Koehler’s team is developing a general approach to direct and indirect small-molecule probe discovery for transcription factors by coupling direct binding assays with functional assays involving transcriptional and other phenotypic readouts. They use newly discovered probes to study the precise roles of specific oncogenic transcription factors and to address therapeutic hypotheses in cancer. Selected probes may be developed into imaging agents, diagnostic tools, or therapeutic leads.

Selected Publications

Richters A, Koehler AN. 2017. Epigenetic Modulation using Small Molecules - Targeting Histone Acetyltransferases in Disease. Curr Med Chem.

Boskovic ZV, Kemp MM, Freedy AM, Viswanathan VS, Pop MS, Fuller JH, Martinez NM, Figueroa Lazú SO, Hong JA, Lewis TA, et al. 2016. Inhibition of Zinc-Dependent Histone Deacetylases with a Chemically Triggered Electrophile. ACS Chem Biol 11: 1844–1851.

Pop MS, Wassaf D, Koehler AN. 2014. Probing small-molecule microarrays with tagged proteins in cell lysates. Curr Protoc Chem Biol 6: 209–220.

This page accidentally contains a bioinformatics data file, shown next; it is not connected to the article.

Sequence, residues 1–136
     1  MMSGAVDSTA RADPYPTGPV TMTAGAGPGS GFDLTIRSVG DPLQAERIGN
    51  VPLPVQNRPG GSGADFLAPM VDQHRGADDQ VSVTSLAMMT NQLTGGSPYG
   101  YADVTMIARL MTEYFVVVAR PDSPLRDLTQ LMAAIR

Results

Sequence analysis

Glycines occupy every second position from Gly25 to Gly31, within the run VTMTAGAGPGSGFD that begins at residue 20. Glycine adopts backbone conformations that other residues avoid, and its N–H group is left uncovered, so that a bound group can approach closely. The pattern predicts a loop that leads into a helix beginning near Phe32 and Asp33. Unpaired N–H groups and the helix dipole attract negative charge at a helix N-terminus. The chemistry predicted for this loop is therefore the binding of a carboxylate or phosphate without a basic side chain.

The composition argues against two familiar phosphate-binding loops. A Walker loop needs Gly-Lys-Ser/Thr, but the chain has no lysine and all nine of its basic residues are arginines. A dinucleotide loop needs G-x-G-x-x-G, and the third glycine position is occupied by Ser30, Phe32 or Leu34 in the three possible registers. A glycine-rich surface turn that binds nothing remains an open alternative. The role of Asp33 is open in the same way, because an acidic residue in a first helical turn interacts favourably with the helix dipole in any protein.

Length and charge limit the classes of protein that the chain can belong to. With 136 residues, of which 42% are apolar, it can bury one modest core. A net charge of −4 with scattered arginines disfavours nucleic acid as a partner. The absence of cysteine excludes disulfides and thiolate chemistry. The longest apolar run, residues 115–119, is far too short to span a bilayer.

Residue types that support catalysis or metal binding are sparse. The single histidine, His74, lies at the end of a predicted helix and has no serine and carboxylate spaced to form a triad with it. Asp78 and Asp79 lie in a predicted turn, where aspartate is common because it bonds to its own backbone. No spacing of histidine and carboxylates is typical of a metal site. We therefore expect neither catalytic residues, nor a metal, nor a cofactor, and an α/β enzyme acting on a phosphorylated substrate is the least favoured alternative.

Casalena DE, Wassaf D, Koehler AN. 2012. Ligand discovery using small-molecule microarrays. Methods Mol Biol 803: 249–263.

Kemp MM, Weïwer M, Koehler AN. 2012. Unbiased binding assays for discovering small-molecule probes and drugs. Bioorg Med Chem 20: 1979-1989.

Kemp MM, Wang Q, Fuller JH, West N, Martinez NM, Morse EM, Weïwer M, Schreiber SL, Bradner JE, Koehler AN. 2011. A novel HDAC inhibitor with a hydroxy-pyrimidine scaffold. Bioorg Med Chem Lett 21: 4164–4169.

Vegas AJ, Koehler AN. 2010. Detecting protein-small molecule interactions using fluorous small-molecule microarrays. Methods Mol Biol 669: 43–55.

Schmitz K, Haggarty SJ, McPherson OM, Clardy J, Koehler AN. 2007. Detecting binding interactions using microarrays of natural product extracts. J Am Chem Soc 129: 11346–11347.

Bradner JE, McPherson OM, Koehler AN. 2006. A method for the covalent capture and screening of diverse small molecules in a microarray format. Nat Protoc 1: 2344–2352.

Bradner JE, McPherson OM, Mazitschek R, Barnes-Seeman D, Shen JP, Dhaliwal J, Stevenson KE, Duffner JL, Park SB, Neuberg DS, et al. 2006. A robust small-molecule microarray platform for screening cell lysates. Chem Biol 13: 493–504.

Search PubMed for Koehler Lab publications

Articles and Media

Tackling the "Undruggable": Koehler’s presentation at the 2012 edition of the Midsummer Nights’ Science at the Broad Institute series.

Contact Information

Angela Koehler

room 76-361C
phone (617) 324-7631
email koehler@mit.edu

Koehler Lab

phone (617) 324-7859
website

Administrative Assistant:

Paul Thompson
phone (617) 258-0480
email milu83@mit.edu